Material and Methods
The data of a pair-breeding ostrich flock (n = 40 074), maintained at Oudtshoorn Research Farm, South Africa, were used for this study. The data included records collected from 1978 to 2005 and edited where necessary for inconsistencies regarding pedigree. Each breeding pair was kept in a separate paddock to facilitate the identification of parentage of the hatched chicks. The general management of the breeding pairs, eggs and chicks has been described in detail (Van Schalkwyk et al., 1996; Cloete et al., 1998; Bunter, 2002; Cloete et al., 2006; 2008c).
The ENDOG software program (version 4.8) (Gutierrez & Goyache, 2005) was used for all genealogical analyses of the pedigree data. ENDOG is a population genetics computer program that conducts several demographic and genetic analyses on pedigree data to monitor the changes in genetic variability and population structure in a population.
Several parameters were calculated for assessment of the concentration of the origin of animals and genes. The effective number of founders (/e) was defined as the number of equally contributing founders that would be expected to produce the same genetic diversity in the population under study. For a given number of total founders, the more balanced their expected genetic contributions are, the higher the effective number of founders will be. The effective number of ancestors (/a) is the minimum number of ancestors (including founders and non-founders) that explains the complete diversity of the population (Boichard et al., 1997). The ratio of fe/fa (1.02; Table 1) can be used to evaluate the loss in genetic variability in the founders owing to bottlenecks between the base population and the reference population. This ratio is an indication of the importance of bottlenecks in the development of the population. The "founder genome equivalent" (fg) can be defined as the number of founders that would be expected to produce the same genetic diversity as in the population under study if the founders were equally represented and no loss of alleles occurred (Lacy, 1989). The number of founder genome equivalents accounts not only for unbalanced contributions of parents to the next generation (as /e and /a) and bottlenecks in the pedigree (as /a), but also for the random loss of genes from parents to their offspring; therefore, /g is always smaller than /e and /a, and decreases more rapidly over time. The degree to which the founder genome equivalent is smaller is an indication of the degree of random loss of alleles owing to drift (Lacy, 1989; Tahmoorespur & Sheikhloo, 2011). The parameter /g was obtained by the inverse of twice the average co-ancestry of the individuals included in a pre-defined reference population (Caballero & Toro, 2000). The reference population was defined as all animals with both parents known.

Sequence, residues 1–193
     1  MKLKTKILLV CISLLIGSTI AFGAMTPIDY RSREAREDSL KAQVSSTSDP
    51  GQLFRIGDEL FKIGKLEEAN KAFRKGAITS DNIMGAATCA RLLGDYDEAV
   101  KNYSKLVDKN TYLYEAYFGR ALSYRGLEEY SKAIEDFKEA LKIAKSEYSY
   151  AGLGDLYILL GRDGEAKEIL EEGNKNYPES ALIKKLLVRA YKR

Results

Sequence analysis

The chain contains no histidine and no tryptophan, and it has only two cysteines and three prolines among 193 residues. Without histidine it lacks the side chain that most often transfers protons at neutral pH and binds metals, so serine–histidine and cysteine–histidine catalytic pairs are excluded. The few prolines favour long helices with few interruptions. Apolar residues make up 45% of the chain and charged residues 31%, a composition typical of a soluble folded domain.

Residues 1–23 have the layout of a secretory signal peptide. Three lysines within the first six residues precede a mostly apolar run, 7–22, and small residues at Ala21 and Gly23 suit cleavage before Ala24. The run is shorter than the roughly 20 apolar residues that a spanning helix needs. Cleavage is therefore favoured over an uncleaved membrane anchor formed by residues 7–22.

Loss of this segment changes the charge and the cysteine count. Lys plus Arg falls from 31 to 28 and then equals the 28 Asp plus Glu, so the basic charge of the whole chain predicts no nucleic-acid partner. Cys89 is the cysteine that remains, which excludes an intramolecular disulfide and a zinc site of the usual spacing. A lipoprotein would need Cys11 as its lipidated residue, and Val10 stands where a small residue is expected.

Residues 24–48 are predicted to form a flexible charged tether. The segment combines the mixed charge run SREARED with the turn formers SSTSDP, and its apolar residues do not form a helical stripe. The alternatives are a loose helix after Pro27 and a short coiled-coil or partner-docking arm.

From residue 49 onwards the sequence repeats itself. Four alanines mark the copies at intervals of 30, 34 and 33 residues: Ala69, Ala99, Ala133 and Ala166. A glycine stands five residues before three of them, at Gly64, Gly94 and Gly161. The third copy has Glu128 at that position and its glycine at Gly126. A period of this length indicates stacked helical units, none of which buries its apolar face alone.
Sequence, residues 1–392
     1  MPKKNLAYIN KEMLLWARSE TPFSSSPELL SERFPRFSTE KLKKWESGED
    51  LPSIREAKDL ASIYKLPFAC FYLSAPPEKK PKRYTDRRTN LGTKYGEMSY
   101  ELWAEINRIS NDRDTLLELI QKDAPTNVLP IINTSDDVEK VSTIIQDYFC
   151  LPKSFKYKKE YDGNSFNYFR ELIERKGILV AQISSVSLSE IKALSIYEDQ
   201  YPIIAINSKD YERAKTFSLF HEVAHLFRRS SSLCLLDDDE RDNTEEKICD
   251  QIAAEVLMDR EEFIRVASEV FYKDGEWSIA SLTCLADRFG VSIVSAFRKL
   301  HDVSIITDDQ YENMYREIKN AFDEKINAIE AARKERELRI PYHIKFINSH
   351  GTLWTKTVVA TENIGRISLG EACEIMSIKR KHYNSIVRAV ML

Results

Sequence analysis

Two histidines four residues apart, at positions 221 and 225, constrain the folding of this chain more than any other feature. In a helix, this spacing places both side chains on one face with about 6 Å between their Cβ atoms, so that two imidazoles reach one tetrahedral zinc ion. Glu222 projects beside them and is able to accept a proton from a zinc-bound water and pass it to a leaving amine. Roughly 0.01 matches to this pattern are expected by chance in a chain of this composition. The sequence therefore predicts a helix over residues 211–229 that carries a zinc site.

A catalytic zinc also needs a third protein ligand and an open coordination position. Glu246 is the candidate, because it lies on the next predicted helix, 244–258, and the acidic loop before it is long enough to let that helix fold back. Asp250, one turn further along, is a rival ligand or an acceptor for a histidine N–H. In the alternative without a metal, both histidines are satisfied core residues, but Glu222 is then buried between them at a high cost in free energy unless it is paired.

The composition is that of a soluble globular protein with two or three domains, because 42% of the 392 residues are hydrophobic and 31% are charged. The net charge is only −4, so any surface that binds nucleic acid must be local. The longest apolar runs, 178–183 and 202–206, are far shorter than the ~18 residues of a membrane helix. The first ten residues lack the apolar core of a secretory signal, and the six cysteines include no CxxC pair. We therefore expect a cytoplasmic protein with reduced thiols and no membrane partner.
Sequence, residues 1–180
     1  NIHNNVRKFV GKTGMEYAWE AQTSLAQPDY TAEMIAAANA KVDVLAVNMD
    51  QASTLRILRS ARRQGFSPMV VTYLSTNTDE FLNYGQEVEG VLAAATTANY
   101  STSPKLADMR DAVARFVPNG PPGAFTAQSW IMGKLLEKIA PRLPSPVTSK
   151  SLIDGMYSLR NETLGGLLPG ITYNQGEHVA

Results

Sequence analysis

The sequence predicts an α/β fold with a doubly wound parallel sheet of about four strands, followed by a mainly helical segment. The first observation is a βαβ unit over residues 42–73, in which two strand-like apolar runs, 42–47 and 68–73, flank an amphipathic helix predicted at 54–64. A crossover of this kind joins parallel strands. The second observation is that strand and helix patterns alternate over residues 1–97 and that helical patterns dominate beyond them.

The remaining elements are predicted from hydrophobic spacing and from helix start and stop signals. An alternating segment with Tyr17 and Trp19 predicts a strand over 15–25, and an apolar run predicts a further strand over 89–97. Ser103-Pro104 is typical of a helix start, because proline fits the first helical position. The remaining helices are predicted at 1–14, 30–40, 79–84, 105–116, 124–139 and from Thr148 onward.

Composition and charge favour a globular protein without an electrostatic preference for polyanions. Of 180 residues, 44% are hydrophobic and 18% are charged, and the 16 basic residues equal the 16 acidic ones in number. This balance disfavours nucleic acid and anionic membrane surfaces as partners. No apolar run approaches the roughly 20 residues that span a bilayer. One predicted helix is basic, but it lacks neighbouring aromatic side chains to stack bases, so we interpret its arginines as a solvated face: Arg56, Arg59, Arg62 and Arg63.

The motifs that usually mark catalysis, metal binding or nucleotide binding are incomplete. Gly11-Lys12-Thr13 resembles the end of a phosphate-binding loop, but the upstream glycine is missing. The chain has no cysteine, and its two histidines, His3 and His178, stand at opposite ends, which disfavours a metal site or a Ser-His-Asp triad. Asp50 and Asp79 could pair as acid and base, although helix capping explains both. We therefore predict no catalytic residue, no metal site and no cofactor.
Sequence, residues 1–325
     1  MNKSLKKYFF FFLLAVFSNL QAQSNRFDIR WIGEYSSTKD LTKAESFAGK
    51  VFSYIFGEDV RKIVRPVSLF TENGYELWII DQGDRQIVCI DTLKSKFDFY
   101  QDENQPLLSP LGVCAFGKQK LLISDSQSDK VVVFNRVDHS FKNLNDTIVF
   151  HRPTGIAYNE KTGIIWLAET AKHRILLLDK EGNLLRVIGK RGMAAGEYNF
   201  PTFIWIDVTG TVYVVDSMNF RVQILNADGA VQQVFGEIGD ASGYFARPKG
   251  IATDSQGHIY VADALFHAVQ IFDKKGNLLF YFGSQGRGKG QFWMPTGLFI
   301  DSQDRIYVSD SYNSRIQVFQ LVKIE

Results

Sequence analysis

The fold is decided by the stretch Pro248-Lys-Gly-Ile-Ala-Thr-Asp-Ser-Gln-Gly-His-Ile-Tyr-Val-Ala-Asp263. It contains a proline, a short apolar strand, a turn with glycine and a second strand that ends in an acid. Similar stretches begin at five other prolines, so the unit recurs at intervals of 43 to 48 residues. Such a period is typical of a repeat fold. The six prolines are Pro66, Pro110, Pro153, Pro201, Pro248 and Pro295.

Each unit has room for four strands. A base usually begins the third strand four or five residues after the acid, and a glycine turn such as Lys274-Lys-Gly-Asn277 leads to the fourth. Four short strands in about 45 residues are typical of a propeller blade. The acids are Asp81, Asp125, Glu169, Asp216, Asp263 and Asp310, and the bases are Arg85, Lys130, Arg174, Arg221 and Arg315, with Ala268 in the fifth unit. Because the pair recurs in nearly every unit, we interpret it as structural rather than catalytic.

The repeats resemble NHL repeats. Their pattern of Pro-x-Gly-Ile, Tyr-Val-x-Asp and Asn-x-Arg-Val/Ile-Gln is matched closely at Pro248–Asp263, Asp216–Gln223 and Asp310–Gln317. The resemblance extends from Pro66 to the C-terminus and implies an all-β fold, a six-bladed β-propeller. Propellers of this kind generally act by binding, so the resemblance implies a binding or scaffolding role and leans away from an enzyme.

To assess the completeness of the pedigree, ENDOG computes these three traced generations for each animal in the pedigree:
(i) Fully traced (complete) generations, defined as those separating the progeny of the furthest generation, where the second-generation ancestors of the individual are known. Ancestors with both parents unknown were considered founders (generation 0).
(ii) Maximum number of generations traced, defined as number of generations separating the individual from its furthest ancestor.
(iii) Equivalent complete generations computed for the pedigree of each animal as the sum over all known ancestors of the term (1/2)n where n is the number of generations separating the animal from each known ancestor (Maignel et al., 1996; Boichard et al., 1997).
The inbreeding coefficient (Fi) for each animal in the dataset was calculated according to Meuwissen & Luo's (1992) method. Individual inbreeding coefficients were used to compute the individual rate of inbreeding (AFi) according to the methodology described by Gonzalez-Recio et al. (2007) and modified by Gutierrez et al. (2009). The individual rate of inbreeding is an alternative measure of inbreeding that is adjusted for the depth of the known pedigree. This coefficient corrects the cumulative inbreeding coefficient, F, according to the pedigree depth of each animal. It is not a measurement of inbreeding, but an indicator of the increment in inbreeding for each animal, regardless of the number of generations known in its pedigree. Therefore, the individual rate of inbreeding makes it possible to distinguish between two animals with the same inbreeding coefficient, but with a different number of generations over which inbreeding was accumulated (González-Recio et al., 2007; Gutierrez et al., 2009). Slow inbreeding allows natural and artificial selection to operate and to remove the less fit animals. Less inbreeding depression is thus expected among the individuals who accumulated the inbreeding over a larger number of generations (Van Wyk et al., 2009).
This coefficient should not be affected by a possible nonlinear increase of inbreeding over time and, thus, two animals with the same inbreeding coefficient could have different inbreeding depression effects, depending on the number of complete generations in their particular pedigrees (González-Recio et al., 2007).
The individual rate of inbreeding was calculated as , where Fi is the individual coefficient of inbreeding of animal i and t is the "equivalent complete generations". The t was calculated with ENDOG ν 4.8 computer program (Gutierrez & Goyache, 2005). Using AFÍ5 ENDOG computes the 1 effective population size (Ne) as generation.